Writers must learn, "to be humble in the face of what-is," O'Connor argued. They must understand that concrete reality—the things we see, hear, taste, smell, and touch—are the only clay a novelist can mold. They aren't to persuade with argument or develop abstract theories or disguise essays in the garb of story. Rather, they're to create characters, invent action and dialog, and concoct settings that look a lot like the places we know. If the novelist's work is to ever transcend the here-and-now, O'Connor said, it must be firmly rooted in it.

O'Connor griped that Christian writers tended to be concerned with "unfleshed ideas and emotions." They're reformers, she complained, who "… are possessed not by a story but by the bare bones of some abstract notion. They are conscious of problems, not of people, of questions and issues, not of the texture of existence, …of everything that has a sociological smack, instead of with all those concrete details of life that make actual the mystery of our position on earth."

That mystery, underscored for her by life in the "Christ-haunted South," was the theme she couldn't escape. The Christian writer, O'Connor explained, perceives life from the "standpoint of the central Christian mystery: that is has, for all its horror, been found by God to be worth dying for." This, she knew—when understood and applied—expanded the writer's vision. It inspired investigation. It meant that nothing is off limits. And that everything—regardless of how common—matters.

O'Connor—because she was a Christian, because she was concerned about her vocation, and because she knew the world and the Church looked on warily—cared about quality. A Christian's novel, she said, must be "complete and self-sufficient and impregnable in [its] own right." When told that good Catholics, because they were responsible for proclaiming the gospel, couldn't also be good artists, she replied "ruefully" that, "because I am a Catholic, I cannot afford to be less than an artist."

An Imagination Sent Soaring by the Gospel

C.S. Lewis, a contemporary of O'Connor's, was as a gritty a realist as she was. And yet our neighbors—practically all of them, regardless of their religious beliefs or affiliation—love his fantasy. The genre might have been his natural, literary inclination. George Sayer, in his biography Jack: A Life of C.S. Lewis, notes that Lewis's most "precious moments" were when he was aware of the supernatural's intrusion into the workaday world. "His success in translating these moments into his fairy stories gives [The Chronicles of Narnia] a haunting appeal," Sayer wrote, providing readers with "a taste of the other."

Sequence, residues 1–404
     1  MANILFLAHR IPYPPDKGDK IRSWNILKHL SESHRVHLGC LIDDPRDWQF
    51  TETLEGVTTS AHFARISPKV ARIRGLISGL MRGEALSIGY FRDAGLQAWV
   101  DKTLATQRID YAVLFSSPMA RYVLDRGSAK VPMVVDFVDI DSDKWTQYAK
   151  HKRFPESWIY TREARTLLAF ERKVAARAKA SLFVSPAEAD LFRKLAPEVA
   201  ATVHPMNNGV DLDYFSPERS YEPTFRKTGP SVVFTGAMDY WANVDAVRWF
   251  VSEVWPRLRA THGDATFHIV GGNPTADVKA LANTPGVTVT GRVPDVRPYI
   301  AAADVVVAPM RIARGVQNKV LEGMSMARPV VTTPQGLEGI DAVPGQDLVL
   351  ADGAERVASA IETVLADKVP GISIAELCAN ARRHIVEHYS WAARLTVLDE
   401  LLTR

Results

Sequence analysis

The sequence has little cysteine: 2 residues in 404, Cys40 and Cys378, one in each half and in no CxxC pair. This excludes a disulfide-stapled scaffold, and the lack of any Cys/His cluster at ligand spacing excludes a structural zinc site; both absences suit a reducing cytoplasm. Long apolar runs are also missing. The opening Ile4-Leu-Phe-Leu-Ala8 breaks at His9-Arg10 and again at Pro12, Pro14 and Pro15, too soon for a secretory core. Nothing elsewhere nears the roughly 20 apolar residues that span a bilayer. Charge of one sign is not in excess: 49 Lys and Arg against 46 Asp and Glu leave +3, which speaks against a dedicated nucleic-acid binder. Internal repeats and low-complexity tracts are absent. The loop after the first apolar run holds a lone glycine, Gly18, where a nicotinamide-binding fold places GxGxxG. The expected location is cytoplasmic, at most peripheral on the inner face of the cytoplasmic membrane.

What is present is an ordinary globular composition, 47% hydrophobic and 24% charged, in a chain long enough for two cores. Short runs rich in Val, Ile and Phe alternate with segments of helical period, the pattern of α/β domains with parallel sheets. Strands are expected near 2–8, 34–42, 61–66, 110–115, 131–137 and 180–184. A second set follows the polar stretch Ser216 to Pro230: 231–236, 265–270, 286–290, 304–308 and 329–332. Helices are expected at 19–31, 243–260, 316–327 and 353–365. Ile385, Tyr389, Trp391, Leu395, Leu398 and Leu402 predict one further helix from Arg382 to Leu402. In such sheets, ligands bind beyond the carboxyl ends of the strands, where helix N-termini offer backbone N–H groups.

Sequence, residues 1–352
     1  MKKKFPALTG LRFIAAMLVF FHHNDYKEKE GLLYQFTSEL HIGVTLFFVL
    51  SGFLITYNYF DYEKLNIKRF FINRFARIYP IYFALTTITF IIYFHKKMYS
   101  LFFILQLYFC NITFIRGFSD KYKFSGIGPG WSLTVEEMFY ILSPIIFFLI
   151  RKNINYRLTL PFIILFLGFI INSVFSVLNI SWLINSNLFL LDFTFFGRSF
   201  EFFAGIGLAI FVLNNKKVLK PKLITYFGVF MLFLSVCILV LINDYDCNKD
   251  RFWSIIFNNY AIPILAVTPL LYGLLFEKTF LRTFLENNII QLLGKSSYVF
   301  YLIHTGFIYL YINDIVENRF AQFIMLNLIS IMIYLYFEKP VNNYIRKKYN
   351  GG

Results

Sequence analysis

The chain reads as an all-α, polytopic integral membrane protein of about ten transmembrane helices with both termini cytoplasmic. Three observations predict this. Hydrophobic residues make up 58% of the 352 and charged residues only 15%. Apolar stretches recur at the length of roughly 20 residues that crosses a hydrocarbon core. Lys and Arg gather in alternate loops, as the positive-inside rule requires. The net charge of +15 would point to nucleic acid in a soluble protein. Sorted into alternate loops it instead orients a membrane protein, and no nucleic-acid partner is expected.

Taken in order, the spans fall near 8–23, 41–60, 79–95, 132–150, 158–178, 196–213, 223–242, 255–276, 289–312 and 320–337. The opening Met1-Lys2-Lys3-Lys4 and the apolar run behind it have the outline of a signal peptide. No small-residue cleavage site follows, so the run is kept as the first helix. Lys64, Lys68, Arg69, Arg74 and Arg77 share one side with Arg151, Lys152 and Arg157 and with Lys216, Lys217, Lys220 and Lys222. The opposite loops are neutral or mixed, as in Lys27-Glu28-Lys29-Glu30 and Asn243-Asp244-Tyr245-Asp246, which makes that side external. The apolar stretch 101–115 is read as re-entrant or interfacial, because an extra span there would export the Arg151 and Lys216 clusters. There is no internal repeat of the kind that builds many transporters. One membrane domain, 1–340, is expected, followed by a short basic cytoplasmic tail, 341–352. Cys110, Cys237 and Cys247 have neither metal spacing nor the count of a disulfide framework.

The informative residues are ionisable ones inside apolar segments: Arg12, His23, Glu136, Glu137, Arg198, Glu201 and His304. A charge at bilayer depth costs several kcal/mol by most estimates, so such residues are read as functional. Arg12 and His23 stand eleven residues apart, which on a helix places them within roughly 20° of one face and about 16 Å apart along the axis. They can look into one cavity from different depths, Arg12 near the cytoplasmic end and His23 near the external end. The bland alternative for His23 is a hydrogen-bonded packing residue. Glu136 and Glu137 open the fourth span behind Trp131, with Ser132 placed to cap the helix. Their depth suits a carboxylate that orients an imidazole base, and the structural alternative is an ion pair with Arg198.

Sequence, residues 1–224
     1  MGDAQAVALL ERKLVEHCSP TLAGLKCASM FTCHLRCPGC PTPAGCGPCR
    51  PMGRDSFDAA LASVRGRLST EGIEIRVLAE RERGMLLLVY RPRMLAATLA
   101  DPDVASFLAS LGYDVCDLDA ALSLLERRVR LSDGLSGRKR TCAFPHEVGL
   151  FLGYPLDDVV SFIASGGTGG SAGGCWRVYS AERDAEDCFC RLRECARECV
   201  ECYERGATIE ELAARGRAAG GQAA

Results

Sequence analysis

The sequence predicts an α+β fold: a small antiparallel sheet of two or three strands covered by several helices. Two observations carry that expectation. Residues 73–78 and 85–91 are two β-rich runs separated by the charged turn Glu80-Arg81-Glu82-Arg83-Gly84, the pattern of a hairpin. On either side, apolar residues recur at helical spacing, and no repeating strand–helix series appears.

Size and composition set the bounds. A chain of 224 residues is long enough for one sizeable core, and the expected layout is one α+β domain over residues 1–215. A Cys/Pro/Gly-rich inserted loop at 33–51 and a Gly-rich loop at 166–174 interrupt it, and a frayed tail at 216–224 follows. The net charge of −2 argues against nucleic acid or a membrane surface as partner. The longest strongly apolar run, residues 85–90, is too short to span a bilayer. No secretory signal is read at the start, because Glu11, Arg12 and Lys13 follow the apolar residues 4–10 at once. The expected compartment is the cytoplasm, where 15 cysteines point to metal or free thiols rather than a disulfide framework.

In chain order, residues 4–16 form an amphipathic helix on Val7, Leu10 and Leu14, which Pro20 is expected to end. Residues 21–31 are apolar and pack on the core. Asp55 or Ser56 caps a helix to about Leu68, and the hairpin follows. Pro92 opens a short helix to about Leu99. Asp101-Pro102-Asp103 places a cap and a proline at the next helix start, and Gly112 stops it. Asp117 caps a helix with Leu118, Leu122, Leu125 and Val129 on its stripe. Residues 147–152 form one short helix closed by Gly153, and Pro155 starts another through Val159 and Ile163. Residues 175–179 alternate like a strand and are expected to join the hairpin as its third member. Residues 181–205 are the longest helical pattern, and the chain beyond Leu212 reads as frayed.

When Lewis wrote The Chronicles of Narnia, he had no theological agenda. There was no ulterior, evangelistic motive; he simply hoped to create likable stories. But the man's worldview was as elemental to him as blood and bone. And his characters, plots, symbols, and themes are—unavoidably—products of it. Which explains why, in The Magician's Nephew, we see the story of Creation (Aslan sings it into creation). We see temptation in the Garden and the Fall. And in the story that followed, death, judgment, Hell, and Heaven all enter the pages of Lewis's fantasy.

Lewis wasn't smuggling Christian theology into the minds of young readers, it just seeped through; it poured out of the man and onto the page, likely causing the claims of Christianity to ring true when readers later met them.

Lewis, of course, wrote theological classics: Mere Christianity, The Four Loves, The Problem of Pain, Til We Have Faces, The Weight of Glory...  Yet, his biographer says, it was the Narnia stories—the fantasies that our un-believing neighbors love—that most clearly reveal Lewis's theology. The character of Aslan—the Lion who is known to nearly every kid on every block of the English-speaking world—is, George Sayer says, Lewis's supreme achievement.